The compassionate biblical counselor will help the weak as Paul instructs. We should understand our role as ones who will hold these people up, supporting them, and expressing our commitment to them. Consistent reassurance and reminders of God’s Word are important. With the spiritually weak, instruction may be necessary. With the physically weak, devoted time will be necessary. A person who counsels biblically is a person who compassionately helps God’s flock endure the rigors of this life by providing them with the tools necessary to grow in the grace and knowledge of Jesus Christ.
15 See that no one repays anyone evil for evil, but always seek to do good to one another and to everyone.
So far we have seen what we are to do or how we are to minister within the local Church. We are to respect our leaders and take the initiative to counsel or help our brothers and sisters in the local body. Now Paul shifts gears slightly to address how we are to respond when we are wronged/sinned against.
How does God want us to respond when someone (1st context) within the local church and (2nd context) or anyone sins against us?
I think it’s important to see what exactly Paul is referring to here. He’s not talking about self-defense or simply allowing someone to continue to harm you or sin against you if it’s possible. He is referring to retaliation and revenge.
We are called to not retaliate but to answer evil with a response that promotes reconciliation and peace when possible.
Romans 12:17 (ESV)
17 Repay no one evil for evil, but give thought to do what is honorable in the sight of all.
Matthew 5:38–48 (ESV)
38 “You have heard that it was said, ‘An eye for an eye and a tooth for a tooth.’ 39 But I say to you, Do not resist the one who is evil. But if anyone slaps you on the right cheek, turn to him the other also. 40 And if anyone would sue you and take your tunic, let him have your cloak as well. 41 And if anyone forces you to go one mile, go with him two miles. 42 Give to the one who begs from you, and do not refuse the one who would borrow from you.
43 “You have heard that it was said, ‘You shall love your neighbor and hate your enemy.’ 44 But I say to you, Love your enemies and pray for those who persecute you, 45 so that you may be sons of your Father who is in heaven. For he makes his sun rise on the evil and on the good, and sends rain on the just and on the unjust. 46 For if you love those who love you, what reward do you have? Do not even the tax collectors do the same? 47 And if you greet only your brothers, what more are you doing than others? Do not even the Gentiles do the same? 48 You therefore must be perfect, as your heavenly Father is perfect.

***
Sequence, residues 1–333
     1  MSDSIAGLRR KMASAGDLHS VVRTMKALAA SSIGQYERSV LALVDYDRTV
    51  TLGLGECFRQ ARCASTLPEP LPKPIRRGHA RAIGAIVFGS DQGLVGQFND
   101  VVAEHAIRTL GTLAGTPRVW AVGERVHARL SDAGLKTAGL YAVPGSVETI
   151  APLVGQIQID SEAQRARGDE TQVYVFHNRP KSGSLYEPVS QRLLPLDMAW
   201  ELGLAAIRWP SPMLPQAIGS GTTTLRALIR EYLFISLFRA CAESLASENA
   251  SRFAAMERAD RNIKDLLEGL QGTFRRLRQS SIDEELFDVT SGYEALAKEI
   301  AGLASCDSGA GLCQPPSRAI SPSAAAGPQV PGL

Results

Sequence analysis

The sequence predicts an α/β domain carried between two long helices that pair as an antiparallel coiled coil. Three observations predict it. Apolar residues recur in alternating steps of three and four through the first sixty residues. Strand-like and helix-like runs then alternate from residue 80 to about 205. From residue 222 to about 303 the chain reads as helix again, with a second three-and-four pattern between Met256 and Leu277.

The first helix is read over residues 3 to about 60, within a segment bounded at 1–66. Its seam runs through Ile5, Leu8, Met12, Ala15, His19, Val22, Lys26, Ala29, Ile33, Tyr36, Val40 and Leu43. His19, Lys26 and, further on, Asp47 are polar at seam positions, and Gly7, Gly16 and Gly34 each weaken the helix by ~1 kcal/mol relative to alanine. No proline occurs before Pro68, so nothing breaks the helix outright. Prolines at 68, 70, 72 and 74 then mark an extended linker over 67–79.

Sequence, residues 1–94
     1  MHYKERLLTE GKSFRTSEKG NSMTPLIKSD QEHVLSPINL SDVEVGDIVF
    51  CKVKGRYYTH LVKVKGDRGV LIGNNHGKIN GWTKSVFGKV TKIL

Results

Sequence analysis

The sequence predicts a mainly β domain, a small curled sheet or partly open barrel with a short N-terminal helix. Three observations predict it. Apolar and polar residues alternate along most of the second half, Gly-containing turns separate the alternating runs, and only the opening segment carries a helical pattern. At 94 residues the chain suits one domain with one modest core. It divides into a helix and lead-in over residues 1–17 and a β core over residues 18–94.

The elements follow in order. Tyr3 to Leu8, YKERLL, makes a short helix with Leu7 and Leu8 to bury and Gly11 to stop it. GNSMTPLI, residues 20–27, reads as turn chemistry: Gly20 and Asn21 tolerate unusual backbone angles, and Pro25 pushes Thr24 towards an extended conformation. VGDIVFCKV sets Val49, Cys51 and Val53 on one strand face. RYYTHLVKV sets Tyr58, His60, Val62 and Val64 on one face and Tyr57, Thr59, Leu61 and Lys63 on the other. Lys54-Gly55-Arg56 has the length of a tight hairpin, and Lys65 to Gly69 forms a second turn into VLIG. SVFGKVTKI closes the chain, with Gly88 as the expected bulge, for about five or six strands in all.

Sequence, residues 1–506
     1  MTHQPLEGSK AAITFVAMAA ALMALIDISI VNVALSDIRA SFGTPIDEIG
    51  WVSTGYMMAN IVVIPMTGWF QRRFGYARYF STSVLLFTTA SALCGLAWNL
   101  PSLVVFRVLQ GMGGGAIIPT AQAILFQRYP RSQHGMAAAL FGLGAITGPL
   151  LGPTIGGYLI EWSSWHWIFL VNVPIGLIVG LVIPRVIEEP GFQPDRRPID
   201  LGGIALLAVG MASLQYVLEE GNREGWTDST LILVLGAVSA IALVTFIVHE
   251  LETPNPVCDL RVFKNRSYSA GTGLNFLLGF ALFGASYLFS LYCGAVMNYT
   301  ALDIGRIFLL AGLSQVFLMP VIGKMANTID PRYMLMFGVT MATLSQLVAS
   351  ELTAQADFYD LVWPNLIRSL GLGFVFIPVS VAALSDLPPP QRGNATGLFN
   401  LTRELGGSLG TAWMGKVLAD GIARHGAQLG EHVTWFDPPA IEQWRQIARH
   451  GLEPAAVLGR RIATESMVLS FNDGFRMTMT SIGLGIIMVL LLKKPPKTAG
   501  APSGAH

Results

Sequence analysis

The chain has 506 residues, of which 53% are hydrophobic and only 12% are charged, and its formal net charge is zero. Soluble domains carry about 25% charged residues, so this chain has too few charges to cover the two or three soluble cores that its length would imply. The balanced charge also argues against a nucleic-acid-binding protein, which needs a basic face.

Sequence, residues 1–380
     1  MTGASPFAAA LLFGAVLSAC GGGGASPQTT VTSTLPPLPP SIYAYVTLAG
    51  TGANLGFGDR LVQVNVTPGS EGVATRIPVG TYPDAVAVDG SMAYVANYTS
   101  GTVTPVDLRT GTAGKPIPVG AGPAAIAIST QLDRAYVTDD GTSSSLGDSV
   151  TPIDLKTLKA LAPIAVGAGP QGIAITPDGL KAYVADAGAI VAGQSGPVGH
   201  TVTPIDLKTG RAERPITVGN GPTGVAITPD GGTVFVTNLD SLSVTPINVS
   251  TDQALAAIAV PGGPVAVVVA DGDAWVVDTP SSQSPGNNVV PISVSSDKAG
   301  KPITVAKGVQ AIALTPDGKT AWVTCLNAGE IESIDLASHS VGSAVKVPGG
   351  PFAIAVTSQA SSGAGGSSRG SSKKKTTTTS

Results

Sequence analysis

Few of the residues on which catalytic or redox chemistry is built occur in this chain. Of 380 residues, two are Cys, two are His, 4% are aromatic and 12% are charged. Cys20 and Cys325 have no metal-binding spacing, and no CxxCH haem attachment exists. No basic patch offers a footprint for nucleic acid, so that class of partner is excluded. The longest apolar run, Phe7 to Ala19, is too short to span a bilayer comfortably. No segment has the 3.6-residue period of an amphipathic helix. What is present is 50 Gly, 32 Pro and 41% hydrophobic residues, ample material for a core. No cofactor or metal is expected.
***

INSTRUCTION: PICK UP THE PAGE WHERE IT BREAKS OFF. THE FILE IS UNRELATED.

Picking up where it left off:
It’s important that we realize that when we engage in this type of response God blesses us. Whatever loss we may endure because of our kind response God knows.
Matthew 5:9 (ESV)
9 “Blessed are the peacemakers, for they shall be called sons of God.
What does peacemaking look like?
Peacemaking tries to build bridges to people — it does not want the animosity to remain. It wants reconciliation. It wants harmony. And so it tries to show what may be the only courtesy the enemy will tolerate, namely, a greeting. The peacemaker looks the enemy right in the eye and says, “Good morning, John.” And he says it with a longing for peace in his heart, not with a phony gloss of politeness to cover his anger.—Piper
In our text today, we have been told what a godly Church looks like.
It’s made up of members who respect and esteem their leaders.
Engage in biblical counsel…
Admonishing, Encouraging, and helping others as is necessary.
Seek to be peacemakers.
I pray that we are engaged in these godly pursuits with each other.
John Stott, The Gospel and the End of Time
1 and 2 Thessalonians by Robert Cara
1 and 2 Thessalonians by G K Beale
1 and 2 Thessalonians by Leon Morris
1 and 2 Thessalonians by FF Bruce
1 and 2 Thessalonians by G L Green